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NHL: Legal pot in Canada won’t affect league policy

NHL: Legal pot in Canada won’t affect league policy
As Flyers enforcer Riley Cote, right, took and delivered countless punches over more than a decade of junior and pro hockey, he was eager to avoid painkillers. The enforcer was introduced to marijuana as a healing mechanism early on, and it resonated for him. (Gene J. Puskar / Associated Press)

Now a handful of years into retirement from more than a decade of junior and pro hockey, former enforcer Riley Cote is a proponent of cannabis and its oils as an alternative to more addictive drugs commonly used by athletes to play through pain. Marijuana can be detected in a person's system for more than 30 days, is banned by the World Anti-Doping Agency without a specific therapeutic use exemption and is illegal in much of the United States.

Canada on Wednesday will become the largest country in the world to legalize recreational marijuana. That means it will be available under the law in seven more NHL cities (it's been legal to adults in Denver since 2012). The move is a step forward for those who, like Cote, believe marijuana has been stigmatized and should be accepted as a form of treatment.

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“It was so tainted for a long time,” Ottawa Senators forward Matt Duchene said. “And now people are starting to learn a little bit more about it and there is definitely some positive uses to different elements of it.”

The NHL and NHL Players' Association plan no changes to their joint drug-testing policy, under which players are not punished for positive marijuana tests. It is the most lenient approach to cannabis by any major North American professional sports league.

“The Substance Abuse & Behavioral Health Program for decades has been educating players on using drugs, legal or illegal,” Commissioner Gary Bettman said. “That process will continue and we will consider what changes, if any, in our program have to be made. But right now, we think based on the educational level and what we do test for and how we test, at least for the time being, we're comfortable with where we are.”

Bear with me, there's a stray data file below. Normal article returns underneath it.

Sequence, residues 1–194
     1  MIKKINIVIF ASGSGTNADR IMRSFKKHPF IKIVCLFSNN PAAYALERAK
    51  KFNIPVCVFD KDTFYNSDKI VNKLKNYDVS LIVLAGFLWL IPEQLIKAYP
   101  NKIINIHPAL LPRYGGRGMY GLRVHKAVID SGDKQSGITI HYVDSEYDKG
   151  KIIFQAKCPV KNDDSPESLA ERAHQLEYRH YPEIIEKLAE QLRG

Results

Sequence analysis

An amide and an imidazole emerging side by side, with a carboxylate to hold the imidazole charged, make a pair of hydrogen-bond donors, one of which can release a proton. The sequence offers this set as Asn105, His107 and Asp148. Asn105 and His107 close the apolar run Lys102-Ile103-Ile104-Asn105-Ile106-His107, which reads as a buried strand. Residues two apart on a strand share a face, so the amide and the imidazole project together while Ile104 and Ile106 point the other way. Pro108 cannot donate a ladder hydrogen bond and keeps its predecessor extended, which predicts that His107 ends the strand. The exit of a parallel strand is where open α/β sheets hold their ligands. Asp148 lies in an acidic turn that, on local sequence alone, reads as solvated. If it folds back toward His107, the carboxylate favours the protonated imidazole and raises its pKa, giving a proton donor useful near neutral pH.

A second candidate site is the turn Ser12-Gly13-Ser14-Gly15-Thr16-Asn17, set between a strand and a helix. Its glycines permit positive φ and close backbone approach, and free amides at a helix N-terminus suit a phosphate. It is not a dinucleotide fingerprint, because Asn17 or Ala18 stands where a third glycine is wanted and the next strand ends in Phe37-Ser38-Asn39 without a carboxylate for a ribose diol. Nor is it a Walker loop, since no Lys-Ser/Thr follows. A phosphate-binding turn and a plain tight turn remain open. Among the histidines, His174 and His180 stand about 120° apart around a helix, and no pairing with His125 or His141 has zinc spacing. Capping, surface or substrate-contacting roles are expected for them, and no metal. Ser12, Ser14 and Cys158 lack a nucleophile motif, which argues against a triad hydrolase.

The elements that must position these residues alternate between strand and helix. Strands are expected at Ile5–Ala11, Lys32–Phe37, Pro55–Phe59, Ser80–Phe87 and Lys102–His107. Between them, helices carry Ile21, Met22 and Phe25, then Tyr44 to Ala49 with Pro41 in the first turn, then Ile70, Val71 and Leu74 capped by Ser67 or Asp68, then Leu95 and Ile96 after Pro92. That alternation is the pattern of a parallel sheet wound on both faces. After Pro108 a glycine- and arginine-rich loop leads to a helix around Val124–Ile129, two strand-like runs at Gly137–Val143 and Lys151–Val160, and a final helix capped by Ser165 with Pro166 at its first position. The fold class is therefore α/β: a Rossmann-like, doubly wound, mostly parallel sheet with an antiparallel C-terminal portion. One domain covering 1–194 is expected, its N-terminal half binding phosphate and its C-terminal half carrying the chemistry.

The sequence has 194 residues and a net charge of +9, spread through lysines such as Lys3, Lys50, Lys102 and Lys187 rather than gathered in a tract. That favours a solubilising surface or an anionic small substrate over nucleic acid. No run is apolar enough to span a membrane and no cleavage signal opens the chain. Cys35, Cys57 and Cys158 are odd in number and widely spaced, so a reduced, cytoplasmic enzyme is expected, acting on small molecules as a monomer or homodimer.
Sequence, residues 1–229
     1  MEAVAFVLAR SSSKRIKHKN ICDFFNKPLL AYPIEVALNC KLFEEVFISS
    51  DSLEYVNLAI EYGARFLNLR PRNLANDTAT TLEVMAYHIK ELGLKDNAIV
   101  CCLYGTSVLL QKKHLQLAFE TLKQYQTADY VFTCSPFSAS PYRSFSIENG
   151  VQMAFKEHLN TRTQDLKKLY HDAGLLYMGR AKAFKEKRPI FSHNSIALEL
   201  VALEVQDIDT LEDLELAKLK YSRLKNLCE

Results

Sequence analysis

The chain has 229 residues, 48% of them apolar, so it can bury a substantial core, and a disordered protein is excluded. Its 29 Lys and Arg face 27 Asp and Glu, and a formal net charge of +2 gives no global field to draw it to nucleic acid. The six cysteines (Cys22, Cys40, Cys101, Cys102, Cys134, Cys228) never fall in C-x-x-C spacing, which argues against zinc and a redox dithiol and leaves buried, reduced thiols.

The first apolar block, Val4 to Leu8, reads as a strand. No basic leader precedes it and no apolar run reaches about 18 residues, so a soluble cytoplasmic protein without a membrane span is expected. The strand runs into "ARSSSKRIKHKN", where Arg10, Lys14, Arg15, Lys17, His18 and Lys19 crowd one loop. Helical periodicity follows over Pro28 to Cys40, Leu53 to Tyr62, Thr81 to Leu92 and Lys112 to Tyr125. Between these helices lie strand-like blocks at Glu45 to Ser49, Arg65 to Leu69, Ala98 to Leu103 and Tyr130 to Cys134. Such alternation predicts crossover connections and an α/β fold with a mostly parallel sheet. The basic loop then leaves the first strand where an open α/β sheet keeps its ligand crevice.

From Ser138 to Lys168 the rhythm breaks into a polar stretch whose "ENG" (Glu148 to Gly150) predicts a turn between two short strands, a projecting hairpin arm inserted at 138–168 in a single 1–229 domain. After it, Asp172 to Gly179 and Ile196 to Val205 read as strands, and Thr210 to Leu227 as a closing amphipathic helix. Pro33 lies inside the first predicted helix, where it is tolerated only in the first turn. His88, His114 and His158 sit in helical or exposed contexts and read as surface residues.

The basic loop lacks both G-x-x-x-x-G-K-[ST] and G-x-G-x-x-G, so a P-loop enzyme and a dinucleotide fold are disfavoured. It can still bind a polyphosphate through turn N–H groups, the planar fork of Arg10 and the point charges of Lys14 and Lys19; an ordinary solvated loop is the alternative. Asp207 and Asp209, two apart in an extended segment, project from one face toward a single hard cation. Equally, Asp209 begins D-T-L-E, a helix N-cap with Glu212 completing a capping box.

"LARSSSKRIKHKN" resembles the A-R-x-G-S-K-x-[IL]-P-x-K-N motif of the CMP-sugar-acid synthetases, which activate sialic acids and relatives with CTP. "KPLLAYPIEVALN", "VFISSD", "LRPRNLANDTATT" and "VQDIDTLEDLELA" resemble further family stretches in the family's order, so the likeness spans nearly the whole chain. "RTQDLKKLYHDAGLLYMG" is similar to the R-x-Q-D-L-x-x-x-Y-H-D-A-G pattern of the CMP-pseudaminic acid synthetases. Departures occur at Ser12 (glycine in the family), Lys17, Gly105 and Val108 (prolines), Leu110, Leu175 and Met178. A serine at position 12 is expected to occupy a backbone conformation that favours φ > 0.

Etc.

Florida Panthers defenseman Mike Matheson was suspended two games without pay Monday for an incident early in the third period of a game against Vancouver during the weekend. Matheson was punished for interference and unsportsmanlike conduct for his hit on Canucks rookie forward Elias Pettersson at 4:47 of the third in Vancouver’s 3-2 win Saturday night. The Canucks announced earlier Monday that Pettersson was in concussion protocol. ...

Pittsburgh Penguins defenseman Justin Schultz will miss the next four months because of a fractured left leg. Schultz injured the leg in the first period of a shootout loss to Montreal on Saturday after getting tangled up with Canadiens forward Tomas Plekanec. The team says Schultz underwent surgery Sunday and will be out until February. ...

The Colorado Avalanche have claimed center Marko Dano off waivers from Winnipeg. The 23-year-old played in 23 games for the Jets last season with two goals and an assist. He was a first-round pick of Columbus in 2013. ...

The Vancouver Canucks said center Jay Beagle is out six weeks with a broken forearm.

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